The old order is fading in France. Every election since Charles de Gaulle founded the Fifth Republic more than half a century ago has seen at least one of the major parties in the presidential runoff and most have featured both. With Republicans and Socialists consumed by infighting and voters thoroughly fed up, polls suggest that neither will make it this year. For the past month, survey after survey has projected a decider between Emmanuel Macron, a 39-year-old rookie who doesn’t even have a party behind him, and Marine Le Pen, who’s been ostracized throughout her career because of her party’s history of racism.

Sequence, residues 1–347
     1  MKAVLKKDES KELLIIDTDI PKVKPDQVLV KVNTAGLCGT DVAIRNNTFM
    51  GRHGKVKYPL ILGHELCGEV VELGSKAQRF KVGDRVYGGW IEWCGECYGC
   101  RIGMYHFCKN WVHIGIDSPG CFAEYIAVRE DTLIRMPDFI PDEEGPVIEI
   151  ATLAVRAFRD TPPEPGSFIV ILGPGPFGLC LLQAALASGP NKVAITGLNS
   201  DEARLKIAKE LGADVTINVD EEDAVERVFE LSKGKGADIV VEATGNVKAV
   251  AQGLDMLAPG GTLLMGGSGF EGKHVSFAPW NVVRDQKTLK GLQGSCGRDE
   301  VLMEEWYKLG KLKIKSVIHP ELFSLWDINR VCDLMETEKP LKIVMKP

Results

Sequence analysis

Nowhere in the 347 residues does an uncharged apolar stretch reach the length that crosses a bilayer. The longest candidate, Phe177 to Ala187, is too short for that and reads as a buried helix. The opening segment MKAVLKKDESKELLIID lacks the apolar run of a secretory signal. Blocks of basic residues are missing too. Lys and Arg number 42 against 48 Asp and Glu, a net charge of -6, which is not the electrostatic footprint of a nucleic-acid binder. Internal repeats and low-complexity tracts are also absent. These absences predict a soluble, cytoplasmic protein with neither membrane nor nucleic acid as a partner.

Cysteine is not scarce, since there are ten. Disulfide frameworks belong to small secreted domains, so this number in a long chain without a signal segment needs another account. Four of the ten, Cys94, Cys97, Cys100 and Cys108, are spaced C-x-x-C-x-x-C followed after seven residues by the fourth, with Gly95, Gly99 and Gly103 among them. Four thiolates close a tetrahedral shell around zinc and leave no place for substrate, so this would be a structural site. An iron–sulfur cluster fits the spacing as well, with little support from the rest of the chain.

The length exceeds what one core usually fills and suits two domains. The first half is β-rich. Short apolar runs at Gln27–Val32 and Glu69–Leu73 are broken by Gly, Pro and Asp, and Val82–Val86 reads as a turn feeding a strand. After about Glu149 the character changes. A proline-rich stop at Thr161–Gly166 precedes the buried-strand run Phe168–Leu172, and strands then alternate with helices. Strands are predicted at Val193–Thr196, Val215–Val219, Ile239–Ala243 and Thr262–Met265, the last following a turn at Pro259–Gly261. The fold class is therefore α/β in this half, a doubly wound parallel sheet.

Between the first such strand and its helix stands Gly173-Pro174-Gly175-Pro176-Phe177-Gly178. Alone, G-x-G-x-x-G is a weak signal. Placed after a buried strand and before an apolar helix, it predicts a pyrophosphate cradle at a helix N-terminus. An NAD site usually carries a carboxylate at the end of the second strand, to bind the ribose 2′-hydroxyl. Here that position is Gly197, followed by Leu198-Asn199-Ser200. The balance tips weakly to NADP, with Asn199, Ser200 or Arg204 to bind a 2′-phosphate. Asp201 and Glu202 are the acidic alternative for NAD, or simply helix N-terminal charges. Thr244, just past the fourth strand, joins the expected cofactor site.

“We’ve gone as far as we can go with a certain way of doing politics,” said Brice Teinturier, head of the Ipsos polling company and author of a book on voters’ disillusionment. “Everyone feels the system is blocked.”
Claude Bartolone, the Socialist president of the National Assembly, said in an interview with Le Monde Tuesday he may back Macron because he doesn’t “identify” with the more extreme platform put forward by his party’s candidate Benoit Hamon. De Gaulle’s latest standard-bearer Francois Fillon has spent the past week facing down rebellions in his party triggered by a criminal probe of his finances.